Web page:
Grossman has always struck me as an upbeat kind of guy, and his enthusiasm and optimism are certainly contagious. Every place we went on our brief tour we saw people busy transloading scrap paper, unloading lumber, and filling and emptying bulk trucks with everything from plastic pellets to feed-meal products. Grossman tells me he is quite optimistic for the rest of fiscal '98 and beyond, citing his two new rail acquisitions, new on-line customers, and new market access thanks to single line service opportunities via NS and CSX post merger. I think he's on to something.

Florida East Coast Industries (NYSE: FLA) drew some nice comment from investor Michael Price in Barron's last week. Said Price, head of investment firm Franklin Mutual, FLA is one of those stocks he has owned - and will continue to own "forever." Recall it was trading in the 80-90 range until last May when St. Joe said they'd buy it all for $115, after which the price immediately went there. At the end of November, St Joe said never mind and the stock went back to the mid-90s. It hit $100 a month ago and has been on the move ever since. Price said FLA is more properly valued in the $200 area. I'd be interested in hearing from anybody who has done any work on this one.

Out in the wild and woolly west, the Texas Rail Commission lost in a shootout with the STB. At issue was a commission request that the STB force UP to transfer some lines to other carriers "as a means of altering the competitive balance in the Houston area." The STB responded to say "forced redistribution of private property would be an overreach as the record did not show that the emergency was caused by inadequate competition." The culprit, continued he board, was lack of adequate rail infrastructure in Houston, not who owns what's there. It all comes back to Lesson Number Three in Railroad Profitability 101: If you don't repair and replace you'll never grow with your customers. SP didn't repair and replace, and they didn't grow. QED.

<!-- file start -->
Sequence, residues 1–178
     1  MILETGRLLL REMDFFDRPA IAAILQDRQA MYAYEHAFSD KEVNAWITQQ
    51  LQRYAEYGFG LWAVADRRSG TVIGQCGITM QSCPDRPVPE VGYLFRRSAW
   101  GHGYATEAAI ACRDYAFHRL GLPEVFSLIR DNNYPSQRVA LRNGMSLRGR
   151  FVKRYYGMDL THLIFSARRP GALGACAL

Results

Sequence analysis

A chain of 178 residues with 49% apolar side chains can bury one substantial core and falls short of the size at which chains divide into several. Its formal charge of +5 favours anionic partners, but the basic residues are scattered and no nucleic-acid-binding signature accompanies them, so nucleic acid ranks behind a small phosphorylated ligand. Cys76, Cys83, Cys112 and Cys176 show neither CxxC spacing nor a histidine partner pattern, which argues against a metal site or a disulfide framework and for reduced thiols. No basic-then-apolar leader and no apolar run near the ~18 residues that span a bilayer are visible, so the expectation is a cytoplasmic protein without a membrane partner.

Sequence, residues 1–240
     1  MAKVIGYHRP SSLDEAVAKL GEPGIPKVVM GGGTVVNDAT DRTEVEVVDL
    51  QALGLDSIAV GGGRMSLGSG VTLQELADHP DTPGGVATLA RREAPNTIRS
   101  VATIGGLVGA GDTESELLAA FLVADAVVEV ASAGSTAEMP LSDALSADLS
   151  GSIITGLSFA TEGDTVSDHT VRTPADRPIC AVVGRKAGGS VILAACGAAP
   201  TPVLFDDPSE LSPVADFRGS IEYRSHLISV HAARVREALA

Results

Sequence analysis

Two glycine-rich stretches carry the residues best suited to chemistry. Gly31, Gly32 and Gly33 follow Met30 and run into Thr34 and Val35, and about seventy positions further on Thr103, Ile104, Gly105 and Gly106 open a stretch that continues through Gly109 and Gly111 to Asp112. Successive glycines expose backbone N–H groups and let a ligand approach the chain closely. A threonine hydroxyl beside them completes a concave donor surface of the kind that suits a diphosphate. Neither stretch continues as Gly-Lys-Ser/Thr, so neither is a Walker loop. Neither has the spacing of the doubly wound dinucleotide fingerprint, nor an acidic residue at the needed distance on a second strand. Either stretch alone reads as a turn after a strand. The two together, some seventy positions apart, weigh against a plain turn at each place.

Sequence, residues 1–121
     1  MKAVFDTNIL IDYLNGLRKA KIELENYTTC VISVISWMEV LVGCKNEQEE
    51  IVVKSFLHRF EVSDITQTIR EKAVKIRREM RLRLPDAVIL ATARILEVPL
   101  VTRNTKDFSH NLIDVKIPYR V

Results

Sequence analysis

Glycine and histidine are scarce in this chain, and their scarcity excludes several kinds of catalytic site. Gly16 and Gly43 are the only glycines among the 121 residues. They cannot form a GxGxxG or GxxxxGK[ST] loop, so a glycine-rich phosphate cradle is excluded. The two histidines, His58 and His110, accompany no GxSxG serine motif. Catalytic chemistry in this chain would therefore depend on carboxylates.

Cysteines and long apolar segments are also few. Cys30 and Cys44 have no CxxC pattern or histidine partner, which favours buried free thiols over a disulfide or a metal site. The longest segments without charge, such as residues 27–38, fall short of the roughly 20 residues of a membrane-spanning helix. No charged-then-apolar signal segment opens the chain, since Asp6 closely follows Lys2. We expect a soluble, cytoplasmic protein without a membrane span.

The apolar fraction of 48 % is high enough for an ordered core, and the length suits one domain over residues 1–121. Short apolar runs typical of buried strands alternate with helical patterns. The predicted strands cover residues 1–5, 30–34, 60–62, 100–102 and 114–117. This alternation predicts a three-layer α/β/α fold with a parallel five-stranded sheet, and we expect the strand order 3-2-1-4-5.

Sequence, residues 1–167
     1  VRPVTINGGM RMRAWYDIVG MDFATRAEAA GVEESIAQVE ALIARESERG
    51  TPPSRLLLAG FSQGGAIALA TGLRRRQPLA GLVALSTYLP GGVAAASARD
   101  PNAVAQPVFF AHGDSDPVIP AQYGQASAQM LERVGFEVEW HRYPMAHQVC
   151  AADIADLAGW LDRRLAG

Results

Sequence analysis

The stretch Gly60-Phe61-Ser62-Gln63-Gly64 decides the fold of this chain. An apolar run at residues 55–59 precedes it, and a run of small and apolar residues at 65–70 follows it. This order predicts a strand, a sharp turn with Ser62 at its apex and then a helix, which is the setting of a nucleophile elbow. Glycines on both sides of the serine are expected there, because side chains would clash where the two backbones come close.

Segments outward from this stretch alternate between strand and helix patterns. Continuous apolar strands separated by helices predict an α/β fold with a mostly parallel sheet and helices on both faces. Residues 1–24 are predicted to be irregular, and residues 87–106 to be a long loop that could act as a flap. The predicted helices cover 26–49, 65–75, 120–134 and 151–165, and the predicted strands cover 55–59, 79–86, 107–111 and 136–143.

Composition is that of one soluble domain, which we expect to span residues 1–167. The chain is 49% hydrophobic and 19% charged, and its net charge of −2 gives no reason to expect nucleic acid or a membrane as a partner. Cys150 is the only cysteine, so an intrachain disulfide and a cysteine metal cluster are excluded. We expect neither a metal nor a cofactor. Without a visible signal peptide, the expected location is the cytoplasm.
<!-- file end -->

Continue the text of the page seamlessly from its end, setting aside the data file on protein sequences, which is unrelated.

Meanwhile, back at the IC/CN merger, word is circulating around Wall Street that IC investors, having reached the $39 offered by CN, have topped out and might as well move on. UP and NS are suggested as alternatives. Norfolk has been on a steady upward path for the month, hitting $36 on Friday, a point it hasn't hit since August when it was on the way down from its mid-summer high. We're not that far away from the time CR earnings become accretive to those of NS, and it could be the 30's won't be seen again unless something really bad happens.

As for UP, the worst is probably over. The low point around $58 came just before Christmas, and it's been trending up - slowly - ever since. The stock is trading at 15 times 1998 estimates, yet earnings are expected to be up a lot more than that. With a PE of 15 and a yield of 2.8%, would 17 times the 1999 estimate of $4.90 be out of line? Say $83? If that has a shot at happening, getting in at today's $60 might be worth one's while.

Back east, regional carrier Providence & Worcester (AMEX: PWX) filed a registration statement with the SEC for a proposed public offering of 1,025,000 common stock shares. A million of these will come from the P&W itself and the rest from "a shareholder of the Company." In addition, P&W's principal shareholder has granted the underwriter an option to purchase up to 153,750 shares for the purpose of covering over-allotments, if any. If you're interested, the offering will be managed by Advest, Inc. of Hartford, Connecticut. Inn all of this, it is interesting to this ex-New Englander how closely the P&W map is beginning to resemble that of the former New Haven. Will the Poughkeepsie bridge be next?

Sleep on that one till next week, OK?

--Roy Blanchard